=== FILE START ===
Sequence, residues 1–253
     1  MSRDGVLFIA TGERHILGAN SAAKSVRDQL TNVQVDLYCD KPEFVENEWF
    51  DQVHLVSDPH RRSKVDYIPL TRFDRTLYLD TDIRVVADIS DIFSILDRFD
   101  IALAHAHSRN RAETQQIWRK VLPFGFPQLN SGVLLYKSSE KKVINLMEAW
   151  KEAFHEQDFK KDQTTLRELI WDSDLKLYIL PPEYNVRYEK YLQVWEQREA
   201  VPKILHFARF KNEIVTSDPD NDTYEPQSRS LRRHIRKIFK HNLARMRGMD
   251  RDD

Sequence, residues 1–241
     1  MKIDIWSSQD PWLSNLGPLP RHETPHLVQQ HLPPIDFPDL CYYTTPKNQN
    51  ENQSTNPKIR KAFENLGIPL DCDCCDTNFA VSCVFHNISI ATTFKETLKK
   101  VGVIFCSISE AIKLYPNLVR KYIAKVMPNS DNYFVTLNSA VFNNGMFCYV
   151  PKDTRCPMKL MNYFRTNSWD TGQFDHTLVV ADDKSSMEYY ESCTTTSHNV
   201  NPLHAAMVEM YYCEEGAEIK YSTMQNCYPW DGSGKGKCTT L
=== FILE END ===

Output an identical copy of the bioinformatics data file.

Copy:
Sequence, residues 1–253
     1  MSRDGVLFIA TGERHILGAN SAAKSVRDQL TNVQVDLYCD KPEFVENEWF
    51  DQVHLVSDPH RRSKVDYIPL TRFDRTLYLD TDIRVVADIS DIFSILDRFD
   101  IALAHAHSRN RAETQQIWRK VLPFGFPQLN SGVLLYKSSE KKVINLMEAW
   151  KEAFHEQDFK KDQTTLRELI WDSDLKLYIL PPEYNVRYEK YLQVWEQREA
   201  VPKILHFARF KNEIVTSDPD NDTYEPQSRS LRRHIRKIFK HNLARMRGMD
   251  RDD

Sequence, residues 1–241
     1  MKIDIWSSQD PWLSNLGPLP RHETPHLVQQ HLPPIDFPDL CYYTTPKNQN
    51  ENQSTNPKIR KAFENLGIPL DCDCCDTNFA VSCVFHNISI ATTFKETLKK
   101  VGVIFCSISE AIKLYPNLVR KYIAKVMPNS DNYFVTLNSA VFNNGMFCYV
   151  PKDTRCPMKL MNYFRTNSWD TGQFDHTLVV ADDKSSMEYY ESCTTTSHNV
   201  NPLHAAMVEM YYCEEGAEIK YSTMQNCYPW DGSGKGKCTT L